Home Health & Wellbeing
At The Mix, we want to make our services as helpful as we can. To do this, we’d love to ask you a few questions about you, your visit to The Mix and its impact. It should take only about 5-10 minutes to complete. Take this survey and get a chance at winning a £200 Amazon voucher​.
Come and join our Support Circle, every Tuesday, 8 - 9:30pm! Sign up here
Read the community guidelines before posting ✨

Online Counselling or Face-to-Face?

Former MemberFormer Member Posts: 1,876,324 The Mix Honorary Guru
Does anyone have experience of both/either? If so, would you recommend online counselling? Which do you think is the most beneficial?

I have concerns that online counselling doesn't allow someone to read your body language and as I am sure most internet users are aware, some of the things you say online can be interpreted differently to what you actually mean - again, its something that someone face-to-face would pick up on based on the way you say it...if that makes sense?

The benefits to online counselling I guess would be the convenience. Now I have a new job - its Monday to Friday and I don't think it would be a good idea for me to walk into a new job and request an hour off each week...especially as they are completely unaware of what has happened in the past few months. I know it will come out eventually but to begin with, it will be nice not to be known as "the girl whose dad committed suicide".

I could just about afford private counselling now but do people offer evening/weekend appointments? All the ones I can find only seem to be normal Monday - Friday office hours!?!

I have reservations about going back into it in general if I'm being honest. I went to the gym last night and that helped with my mood somewhat so maybe I should just be making the most of my gym membership a little more rather than spending out money for counselling?!?

Comments

  • Former MemberFormer Member Posts: 1,876,324 The Mix Honorary Guru
    i guess face to face is the best option. i used to go to counselling i think it's better than online.and maybe you can find someone that you can go in the evening it's difficult to find someone that work in weekends i guess. i now stoped going to counselling because i couldn't afford it. but try to find someone.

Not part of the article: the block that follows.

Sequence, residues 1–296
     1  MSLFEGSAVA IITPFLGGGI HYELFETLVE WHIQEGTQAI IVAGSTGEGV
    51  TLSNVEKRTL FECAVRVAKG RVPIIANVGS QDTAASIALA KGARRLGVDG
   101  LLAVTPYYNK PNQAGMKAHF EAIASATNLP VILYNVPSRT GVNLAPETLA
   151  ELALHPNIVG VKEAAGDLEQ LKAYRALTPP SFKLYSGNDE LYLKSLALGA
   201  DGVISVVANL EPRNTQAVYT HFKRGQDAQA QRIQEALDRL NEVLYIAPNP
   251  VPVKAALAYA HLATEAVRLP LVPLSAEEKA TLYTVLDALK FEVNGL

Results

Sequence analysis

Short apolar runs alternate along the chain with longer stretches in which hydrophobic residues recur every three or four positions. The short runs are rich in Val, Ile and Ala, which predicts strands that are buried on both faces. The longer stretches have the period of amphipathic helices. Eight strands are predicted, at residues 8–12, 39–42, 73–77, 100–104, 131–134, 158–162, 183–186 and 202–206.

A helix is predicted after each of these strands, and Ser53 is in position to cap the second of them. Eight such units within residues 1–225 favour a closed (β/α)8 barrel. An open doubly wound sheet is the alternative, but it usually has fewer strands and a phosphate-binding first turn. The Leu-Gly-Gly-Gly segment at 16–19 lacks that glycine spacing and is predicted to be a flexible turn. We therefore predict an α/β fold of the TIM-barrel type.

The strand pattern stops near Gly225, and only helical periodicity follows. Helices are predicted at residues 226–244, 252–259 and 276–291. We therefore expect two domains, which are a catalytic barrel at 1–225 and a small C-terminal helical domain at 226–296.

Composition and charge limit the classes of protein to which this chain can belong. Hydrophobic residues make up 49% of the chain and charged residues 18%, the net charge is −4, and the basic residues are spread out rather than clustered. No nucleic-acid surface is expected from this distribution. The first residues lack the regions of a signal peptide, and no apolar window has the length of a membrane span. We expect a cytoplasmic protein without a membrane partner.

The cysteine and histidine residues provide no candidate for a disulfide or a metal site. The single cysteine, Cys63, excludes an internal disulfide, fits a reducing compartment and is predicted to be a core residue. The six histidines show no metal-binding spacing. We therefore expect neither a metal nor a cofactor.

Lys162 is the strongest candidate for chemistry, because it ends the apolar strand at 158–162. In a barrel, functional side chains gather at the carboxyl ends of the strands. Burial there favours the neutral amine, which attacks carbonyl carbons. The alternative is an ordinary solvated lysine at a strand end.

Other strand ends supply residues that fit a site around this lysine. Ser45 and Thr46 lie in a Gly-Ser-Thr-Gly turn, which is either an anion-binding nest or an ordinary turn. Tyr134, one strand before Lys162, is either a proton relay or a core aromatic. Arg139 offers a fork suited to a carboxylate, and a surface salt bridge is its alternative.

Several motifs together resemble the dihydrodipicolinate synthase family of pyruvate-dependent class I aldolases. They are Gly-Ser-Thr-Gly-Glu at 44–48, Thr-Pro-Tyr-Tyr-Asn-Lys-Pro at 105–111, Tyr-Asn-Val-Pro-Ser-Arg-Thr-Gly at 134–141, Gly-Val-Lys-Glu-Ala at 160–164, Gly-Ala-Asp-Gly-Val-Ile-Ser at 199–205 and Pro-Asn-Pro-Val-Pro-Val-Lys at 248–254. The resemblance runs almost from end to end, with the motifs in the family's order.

and you keep going to the gym if it helps you.
    good luck about the counselling.
  • Former MemberFormer Member Posts: 1,876,324 The Mix Honorary Guru
    I know that in Leeds & York there are clinics that offer evening appointments. I don't know your area so can't have a look for you, but keep looking.

    Have you explored how the online counselling would occur? They may use something like Skype or Webconferencing, in which case you'd have a visual clue. Perhaps get in touch with someone and see?
  • plugitinplugitin Noob Posts: 2,197 The Mix Regular
    I've done both. They're very different experiences I'd say. Here are my thoughts:

    Online:
    - Can say some things that perhaps you'd be scared to say face to face; it can be a little more anonymous that way
    - Easier to get distracted. E.g. someone talking to you in the background and not being able to get rid of them easily. I found I was more able to get into "the zone" with face to face because I had to set the time aside and get there, then had time after to reflect whereas with online counselling it can be a case of the session finishes and you just do something else.
    - It was harder to connect with the counsellor because you've never met them and you can't gague them.
    - My counsellor would always bring everything back down to one thing and it was incredibly frustrating because, whilst they may have the same root, I wasn't always ready to think about it in such a big context and so I got incredibly frustrated from hearing that week after week.

    I can see why it is a good idea though. If, like you, you're working or live somewhere inaccessible it's a great idea! Sadly I found it didn't really work with me.

    Face to face:

    - As I already said, having to go there in person and "getting into the zone"
    - The rapport with the counsellor can be better established
    - They know you better, I think - for example at the start of the session my counsellor would pick up on something I was wearing or how I was behaving and ask me about it, which got me talking - whereas that could never happen online. (I know that sounds weird, I should say it wasn't meant badly - e.g. I always wore a certain pair of shoes so one time she noticed and asked me if they were special or something and I was able to say what they meant to me, how I'd saved up for them etc and it got me talking at least. Might not be everyone's cup of tea but we really got on!).
    - It's nice to hear someone's voice. It's more instant because you don't have to wait for someone to type or for your connection to break or there be a technical error or something (which happened with online counselling sometimes!).
    -